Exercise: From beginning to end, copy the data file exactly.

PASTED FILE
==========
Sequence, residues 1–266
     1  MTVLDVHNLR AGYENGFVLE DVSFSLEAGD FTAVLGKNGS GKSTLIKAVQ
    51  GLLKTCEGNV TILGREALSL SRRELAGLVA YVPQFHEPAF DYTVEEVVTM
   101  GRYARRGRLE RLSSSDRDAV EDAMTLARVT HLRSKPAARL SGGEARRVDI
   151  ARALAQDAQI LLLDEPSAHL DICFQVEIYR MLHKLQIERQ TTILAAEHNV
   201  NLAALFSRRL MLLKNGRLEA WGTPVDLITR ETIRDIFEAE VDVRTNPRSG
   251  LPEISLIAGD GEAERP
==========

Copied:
Sequence, residues 1–266
     1  MTVLDVHNLR AGYENGFVLE DVSFSLEAGD FTAVLGKNGS GKSTLIKAVQ
    51  GLLKTCEGNV TILGREALSL SRRELAGLVA YVPQFHEPAF DYTVEEVVTM
   101  GRYARRGRLE RLSSSDRDAV EDAMTLARVT HLRSKPAARL SGGEARRVDI
   151  ARALAQDAQI LLLDEPSAHL DICFQVEIYR MLHKLQIERQ TTILAAEHNV
   201  NLAALFSRRL MLLKNGRLEA WGTPVDLITR ETIRDIFEAE VDVRTNPRSG
   251  LPEISLIAGD GEAERP